New Coggins Lab!

By Ame Vanorio

We are excited to announce that we have a USDA certified Coggins lab. This fills a great need in our community. Prior to having our own lab, we had to ship the blood samples to a private lab which took longer.

Coggins tests are required for horses that moving between states, attending fairs or shows and are racing. We often get so caught up in the Coggins being a travel requirement that we forget the true meaning of why we perform the Coggins test.

What Is The Coggins Test?

The Coggins test examines a sample of the horse’s blood for antibodies for the disease Equine Infectious Anemia (EIA). EIA is a virus that is spread by insects. The virus affects equines such as horses, donkeys, mules, and zebras.

Shannon doing a Coggins

What Is Equine Infectious Anemia (EIA)?

We sometimes refer to EIA as Swamp Fever which strikes fear in the heart of many horse people. The name Swamp Fever comes from the fact that more horses from the Gulf Coast states and along the Mississippi River get EIA. This is presumably because there is a higher insect population with warmer weather.

There is no cure and no vaccines for EIA.

EIA is an immune deficiency disease much like HIV in humans that can be spread by blood, milk or semen. Typically it is spread by horse flies, deer flies, and mosquitos.

The disease itself only lives a short time in the vector insect. Sometimes as little as 15 minutes. However, the insects can easily fly around to a number of horses in a pasture or show ring during that time frame.

Clinical symptoms for Equine Infectious Anemia include fever, fatigue, weakness, edema (swelling), and loss of appetite. Some horses will die quickly from the disease and others may be asymptomatic carriers. This means they have the disease but don’t show signs. Horses with asymptomatic EIA can still pass on the disease to other horses.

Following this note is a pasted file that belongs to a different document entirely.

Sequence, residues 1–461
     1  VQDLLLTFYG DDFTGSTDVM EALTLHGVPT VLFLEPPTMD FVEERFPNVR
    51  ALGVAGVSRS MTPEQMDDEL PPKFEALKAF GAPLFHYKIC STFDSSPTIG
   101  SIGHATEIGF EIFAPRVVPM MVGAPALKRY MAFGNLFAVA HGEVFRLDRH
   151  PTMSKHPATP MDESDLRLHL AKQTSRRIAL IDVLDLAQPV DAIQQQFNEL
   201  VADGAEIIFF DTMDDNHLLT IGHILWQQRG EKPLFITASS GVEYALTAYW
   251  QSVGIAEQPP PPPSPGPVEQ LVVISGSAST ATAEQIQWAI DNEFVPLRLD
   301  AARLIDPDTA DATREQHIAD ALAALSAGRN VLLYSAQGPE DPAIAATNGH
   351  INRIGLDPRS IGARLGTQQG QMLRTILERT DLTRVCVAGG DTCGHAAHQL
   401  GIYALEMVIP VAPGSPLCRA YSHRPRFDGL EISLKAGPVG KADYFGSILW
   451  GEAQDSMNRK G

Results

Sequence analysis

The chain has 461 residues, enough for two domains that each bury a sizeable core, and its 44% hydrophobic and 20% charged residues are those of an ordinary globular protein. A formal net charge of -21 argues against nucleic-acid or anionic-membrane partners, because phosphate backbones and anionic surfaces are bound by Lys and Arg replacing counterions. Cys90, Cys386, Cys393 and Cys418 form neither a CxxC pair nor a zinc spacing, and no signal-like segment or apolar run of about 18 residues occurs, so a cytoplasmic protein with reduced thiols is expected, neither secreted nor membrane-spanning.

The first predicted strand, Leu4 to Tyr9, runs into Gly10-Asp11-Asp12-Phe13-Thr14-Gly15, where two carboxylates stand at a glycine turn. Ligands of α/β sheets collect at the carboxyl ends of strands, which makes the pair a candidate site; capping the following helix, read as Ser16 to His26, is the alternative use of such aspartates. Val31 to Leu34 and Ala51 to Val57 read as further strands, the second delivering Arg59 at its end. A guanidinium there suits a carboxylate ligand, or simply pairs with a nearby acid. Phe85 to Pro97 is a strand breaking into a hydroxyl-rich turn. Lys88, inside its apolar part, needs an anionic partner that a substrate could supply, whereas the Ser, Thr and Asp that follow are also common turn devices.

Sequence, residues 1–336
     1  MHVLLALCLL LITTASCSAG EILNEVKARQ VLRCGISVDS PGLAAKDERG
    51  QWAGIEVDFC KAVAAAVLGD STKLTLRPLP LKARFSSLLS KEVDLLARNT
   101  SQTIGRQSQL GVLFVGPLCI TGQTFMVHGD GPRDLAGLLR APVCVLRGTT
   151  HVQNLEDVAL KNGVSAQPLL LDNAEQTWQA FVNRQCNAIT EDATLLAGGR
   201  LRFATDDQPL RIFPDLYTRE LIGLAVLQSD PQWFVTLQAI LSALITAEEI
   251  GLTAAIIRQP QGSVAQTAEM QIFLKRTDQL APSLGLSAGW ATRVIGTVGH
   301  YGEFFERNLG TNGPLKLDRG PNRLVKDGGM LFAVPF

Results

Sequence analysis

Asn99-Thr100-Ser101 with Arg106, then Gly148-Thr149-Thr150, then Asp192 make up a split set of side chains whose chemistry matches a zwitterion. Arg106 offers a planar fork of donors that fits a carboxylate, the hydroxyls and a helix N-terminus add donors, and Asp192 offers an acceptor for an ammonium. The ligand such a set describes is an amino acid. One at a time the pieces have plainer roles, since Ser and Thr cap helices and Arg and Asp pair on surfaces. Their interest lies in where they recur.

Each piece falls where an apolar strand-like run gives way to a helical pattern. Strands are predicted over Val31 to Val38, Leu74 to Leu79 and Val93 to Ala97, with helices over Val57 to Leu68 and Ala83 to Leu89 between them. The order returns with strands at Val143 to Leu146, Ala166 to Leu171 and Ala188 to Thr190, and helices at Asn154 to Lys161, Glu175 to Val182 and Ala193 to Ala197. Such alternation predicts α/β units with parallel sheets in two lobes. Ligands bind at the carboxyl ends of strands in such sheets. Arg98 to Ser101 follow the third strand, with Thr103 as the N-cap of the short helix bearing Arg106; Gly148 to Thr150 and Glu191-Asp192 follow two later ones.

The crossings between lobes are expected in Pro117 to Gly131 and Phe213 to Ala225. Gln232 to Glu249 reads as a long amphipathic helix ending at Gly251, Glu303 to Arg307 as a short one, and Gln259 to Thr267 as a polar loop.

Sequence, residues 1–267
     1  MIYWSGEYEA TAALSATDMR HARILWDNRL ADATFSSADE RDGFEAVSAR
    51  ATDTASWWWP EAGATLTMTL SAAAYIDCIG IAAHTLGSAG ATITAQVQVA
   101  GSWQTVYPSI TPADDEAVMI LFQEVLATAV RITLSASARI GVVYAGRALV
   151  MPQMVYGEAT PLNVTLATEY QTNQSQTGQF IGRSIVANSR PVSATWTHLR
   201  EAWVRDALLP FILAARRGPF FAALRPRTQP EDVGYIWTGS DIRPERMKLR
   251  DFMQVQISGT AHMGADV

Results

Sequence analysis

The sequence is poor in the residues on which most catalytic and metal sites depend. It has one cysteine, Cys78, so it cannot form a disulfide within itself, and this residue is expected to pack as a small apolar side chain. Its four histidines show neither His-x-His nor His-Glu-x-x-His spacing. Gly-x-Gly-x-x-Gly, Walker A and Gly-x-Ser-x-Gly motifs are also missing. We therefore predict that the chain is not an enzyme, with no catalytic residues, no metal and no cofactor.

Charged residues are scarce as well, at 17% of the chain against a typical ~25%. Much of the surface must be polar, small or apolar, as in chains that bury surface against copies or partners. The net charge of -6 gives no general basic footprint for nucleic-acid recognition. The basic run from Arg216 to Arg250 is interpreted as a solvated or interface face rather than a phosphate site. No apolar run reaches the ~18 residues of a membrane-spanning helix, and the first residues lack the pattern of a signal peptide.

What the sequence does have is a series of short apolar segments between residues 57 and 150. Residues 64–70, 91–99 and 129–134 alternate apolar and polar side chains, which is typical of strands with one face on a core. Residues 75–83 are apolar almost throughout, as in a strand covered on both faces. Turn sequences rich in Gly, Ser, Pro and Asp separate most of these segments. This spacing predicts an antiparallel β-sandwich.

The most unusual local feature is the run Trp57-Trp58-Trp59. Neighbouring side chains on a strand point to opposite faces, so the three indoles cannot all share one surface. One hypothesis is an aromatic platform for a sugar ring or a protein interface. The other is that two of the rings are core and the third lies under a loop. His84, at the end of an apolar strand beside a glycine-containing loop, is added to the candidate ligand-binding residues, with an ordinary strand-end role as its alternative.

This is one reason states require testing of the disease. Veterinarian, Leroy Coggins developed the blood test in 1970. Once the horse is infected antibodies stay in their blood throughout their life. The Coggins Test looks for those antibodies.

Does Kentucky Require A Coggins Test?

Most states, including Kentucky,  require that horses leaving their farms (unless for a trip to the vet) need to have a current test. Horses that are entering or leaving the state must have a negative Coggins test that is no more than six months old.

According to the state vet, horses in Kentucky must have a Coggins test done within twelve months before they enter the state. In addition, they need to have a health certificate within thirty days. Horses that are being shown or on the race track may need to have tests done more frequently as they are in contact with many other horses.

Horses with a positive Coggins test can not be transported across state lines and if they have not been euthanized, should remain isolated and quarantined on their farms.

What Are Coggins Testing Facilities?

The USDA has a national approved laboratory system to certify Coggins testing facilities. Approved facilities must attend training and pass an inspection with the USDA. These labs can then run blood samples to look for antibodies present if the horse is infected.

Licking Valley Veterinarian is pleased to announce that we have a USDA approved facility and can run your Coggins tests in house. Licking Valley Equine Laboratory is available to run Coggins tests for our clients as well as area vets. Veterinarians can contact us to find out about drop off procedures and costs.

Brandy Glaza, Assistant Manager, and Shannon Bray, Lead Vet Tech, have both traveled to Iowa and completed the training required. They are ready to answer all of your Coggins and EIA questions.

Dr. Glaza is an experienced horseman and with our new facility, we are ready for equine clients.

Contact us for more information at 859- 472-4141

Author, Ame Vanorio, is the director of Fox Run Environmental Education Center, a freelance writer, and loves to help out at Licking Valley Vet. She lives on her Kentucky farm with too many animals to count!

Leave a Comment

Your email address will not be published. Required fields are marked *